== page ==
Women could be ignoring some potential key symptoms of gynaecological cancer, due to a lack of awareness about what to look out for, a leading health expert has warned.
Research has revealed that more than 22,000 women in the UK are diagnosed with gynaecological cancer every year – that's around 60 diagnoses every day and more than 400 women a week.
But despite affecting so many, few women are aware of the five different types of gynaecological cancer – womb, ovarian, cervical, vaginal and vulval – or their potential symptoms.
A survey by The Eve Appeal, the UK's leading gynaecological cancer research charity, found that one in three people can’t name a single gynaecological cancer and only 2% can name all five.
But having an awareness about gynaecological cancers and their potential symptoms could mean the difference between an early diagnosis and leaving it too late.
With September marking Gynaecological Cancer Awareness Month, Yahoo UK spoke to Valentina Milanova, founder of gynae health company, Daye, to throw a light on the five common symptoms of gynae cancer that we should all look out for.
From having an urgent need to pee to unexpected vaginal bleeding, Milanova believes if more women could spot these signs, they might get diagnosed and receive treatment sooner.
Bloating is not uncommon amongst women, with most experiencing it from time to time, especially during their period. It could also be associated with IBS, which women are more prone to than men.
While bloating should go away after a day or two, if you find yourself experiencing prolonged bloating, it’s important that you seek medical attention.
"Bloating is one of the most common symptoms of gynaecological cancers," explains Milanova. "Keep in mind that bloating could also be a symptom of endometriosis or adenomyosis, so do keep a diary of the frequency and severity of your bloating so you can discuss it accurately with a medical professional."
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Spotting or unexpected vaginal bleeding
There are several reasons a woman or AFAB (Assigned Female At Birth) individual might bleed irregularly that could be benign, but Milanova says any unusual vaginal bleeding or spotting between periods, after sex or post-menopause should be investigated by a doctor.
"Spotting is not unusual amongst pre-menopausal women, but postmenopausal women should not experience any bleeding, so if they do, they should speak with their GP immediately in order to obtain adequate care," she says.
"Women and AFAB individuals should know that it’s not just fresh red blood that is cause for concern, a thick, browny sludge or a pinky-coloured mucus should also be investigated if it persists."
Pelvic, abdominal or back pain
Many people suffer from back pain, especially those who spend much of their day sitting at a desk. However, back pain can also be linked to gynaecological cancers, as well as pain in your pelvic area and lower abdomen.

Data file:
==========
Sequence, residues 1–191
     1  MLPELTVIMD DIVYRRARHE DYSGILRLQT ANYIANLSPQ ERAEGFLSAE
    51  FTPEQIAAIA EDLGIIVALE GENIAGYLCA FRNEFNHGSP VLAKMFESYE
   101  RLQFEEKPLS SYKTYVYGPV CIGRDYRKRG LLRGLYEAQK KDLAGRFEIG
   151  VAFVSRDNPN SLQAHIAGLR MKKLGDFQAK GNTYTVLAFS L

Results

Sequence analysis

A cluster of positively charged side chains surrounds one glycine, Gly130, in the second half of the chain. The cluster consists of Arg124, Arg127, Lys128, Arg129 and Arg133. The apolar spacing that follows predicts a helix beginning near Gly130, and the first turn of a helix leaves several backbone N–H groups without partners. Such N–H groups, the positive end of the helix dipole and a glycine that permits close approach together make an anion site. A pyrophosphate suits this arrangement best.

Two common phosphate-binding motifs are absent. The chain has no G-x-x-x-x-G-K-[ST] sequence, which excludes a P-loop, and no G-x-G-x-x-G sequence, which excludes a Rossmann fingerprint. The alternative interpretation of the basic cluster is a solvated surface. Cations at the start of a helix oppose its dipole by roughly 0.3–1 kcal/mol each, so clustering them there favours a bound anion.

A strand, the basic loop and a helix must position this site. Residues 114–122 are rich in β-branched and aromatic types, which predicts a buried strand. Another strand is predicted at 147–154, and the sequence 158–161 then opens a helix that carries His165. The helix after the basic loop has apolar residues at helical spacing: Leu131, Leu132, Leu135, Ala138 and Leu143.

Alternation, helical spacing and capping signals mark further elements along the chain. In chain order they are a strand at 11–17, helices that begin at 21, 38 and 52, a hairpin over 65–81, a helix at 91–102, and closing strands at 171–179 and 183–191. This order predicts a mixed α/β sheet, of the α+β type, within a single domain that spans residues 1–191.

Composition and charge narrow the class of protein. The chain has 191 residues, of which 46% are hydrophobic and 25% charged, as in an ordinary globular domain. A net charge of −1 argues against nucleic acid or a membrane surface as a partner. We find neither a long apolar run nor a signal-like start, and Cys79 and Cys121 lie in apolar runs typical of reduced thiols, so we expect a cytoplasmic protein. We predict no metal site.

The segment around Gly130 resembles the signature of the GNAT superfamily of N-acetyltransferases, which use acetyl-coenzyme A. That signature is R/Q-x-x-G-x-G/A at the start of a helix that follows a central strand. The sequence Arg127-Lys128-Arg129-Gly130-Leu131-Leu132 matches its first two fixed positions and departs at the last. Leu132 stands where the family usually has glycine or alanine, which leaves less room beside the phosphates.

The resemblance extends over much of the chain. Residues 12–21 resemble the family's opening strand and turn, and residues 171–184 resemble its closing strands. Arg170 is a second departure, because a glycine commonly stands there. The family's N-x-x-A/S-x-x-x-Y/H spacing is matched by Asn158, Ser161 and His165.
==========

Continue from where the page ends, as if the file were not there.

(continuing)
"If you experience ongoing pain in any of these areas, you should consult with a doctor," advises Milanova.
"Persistent abdominal pain or discomfort could indicate ovarian cancer, and constant pelvic pain or pressure can be a sign of cancer of the womb."
A frequent or urgent need to wee
The sudden urge to pee or urinating more often than normal could be a sign of gynaecological cancer, a UTI, or a bladder infection – all of which require medical attention.
"If you find yourself needing to go to the toilet more frequently than usual, this could be the result of your bladder being pressed by a potential gynaecological tumour and could be an early warning sign of ovarian cancer," Milanova advises.
Whilst it is important to note that the many of those who experience a sudden need to pee or needing to pee more frequently won’t have cancer, awareness of the potential symptom can be critical for improving early diagnosis.
Unusual vaginal discharge
Vaginal discharge is very normal and isn’t always a cause for concern. The vagina is self-cleaning, and discharge is the vagina’s way of keeping itself free from infections.
"The colour, texture and volume of vaginal discharge can vary depending on your age and where you are in your monthly cycle," explains Milanova.
"Healthy vaginal discharge ranges from clear to milky white. Cloudy white discharge could be a sign of gonorrhoea, and thick, cottage cheese-like discharge is typically a telltale sign of a yeast infection.
"Meanwhile, red or brown discharge can be a sign of cervical cancer or cancer of the womb," she adds.
Milanova says there are numerous different colour and consistency variations, but if you start to notice discharge that you've never experienced before, you should speak to your GP.
"Be prepared to discuss the colour, consistency and smell of the discharge, as well as whether it appears related to your menstrual cycle or having sex," she adds. "It can help to keep a diary of your discharge. You could also take photos of your discharge to show your doctor."
As always, seeking medical attention early is key.